> On Sun, 18 May 2014 16:26:18 +0200, Brian Kardell  
> <bkardell@gmail.com<mailto:bkardell@gmail.com>>
> wrote:
> Spinning off a new thread in order to keep the other about actually  
> voting on votes.
> Thank you.
> To reiterate in order to pose my questions:  I agree there are potential
> biases in the first system, it has serious flaws.  I entirely support the
> idea that it is worth discussing and probably fixing.
> BUT - I am very dubious that THESE are the biases that have hurt things
> thus far and relatively confident that other biases (apathy/lack of
> participation or knowledge, who actually does the voting, etc) actually
> have had a big impact
> That certainly was the case in the past. This is changing (in no small  
> part
> through your personal effort, which I applaud). And as it changes...
> Thanks.  Lots of people have questioned me on why I do, even speculated  
> some dark purpose.  I took the time to write a post about why which I  
> will reference in the future when this comes up :)   
> (briankardell.wordpress.com/2014/05/20/desparately-seeking-jimi/<http://briankardell.wordpress.com/2014/05/20/desparately-seeking-jimi/>).
> AND changing the voting system does not address these.
> No, but those are being addressed. E.g. by your efforts. And when that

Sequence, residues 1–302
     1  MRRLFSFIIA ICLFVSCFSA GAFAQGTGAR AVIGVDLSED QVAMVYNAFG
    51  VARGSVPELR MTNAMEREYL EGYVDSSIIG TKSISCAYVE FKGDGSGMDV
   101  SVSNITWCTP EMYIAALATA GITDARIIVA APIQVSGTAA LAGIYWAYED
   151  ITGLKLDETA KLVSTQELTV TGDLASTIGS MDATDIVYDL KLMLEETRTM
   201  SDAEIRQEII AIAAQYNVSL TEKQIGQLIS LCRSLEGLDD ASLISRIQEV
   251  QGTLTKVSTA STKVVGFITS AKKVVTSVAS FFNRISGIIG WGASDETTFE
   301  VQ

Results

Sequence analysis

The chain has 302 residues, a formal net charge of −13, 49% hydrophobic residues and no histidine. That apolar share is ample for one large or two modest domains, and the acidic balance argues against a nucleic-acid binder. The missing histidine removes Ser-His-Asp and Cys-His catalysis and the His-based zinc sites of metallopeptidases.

> happens, the system we have effectively disenfranchises a lot of the  
> membership.
> I don't see how this is plausible actually, perhaps it's in how you are  
> stating it that is causing me to misunderstand your meaning.  
> "disenfranchises" implies that we are denying a right (definitely not)  
> or systematically marginalizing a voice.  It's my case that *currently*  
> a voice (arguably the most important one) is actually disenfranchised  
> and when I hear that working hard (and making progress) to give them a  
> meaningful place/voice in the process disenfranchises someone else who  
> currently actually has this power - it makes me shiver with  
> thoughts/parallels in my own country's history.
> My assertions are easily validated with data.
> Given sufficient data of the right type. Which we don't have.
> The only data we have available are
> the candidates
>  The recent trend is for genuinely contested elections.
>  AB candidates are more than twice the number of seats.
> the winners of elections
> the eligible voters
> We have anecdotal statements on lists that participation is very low, I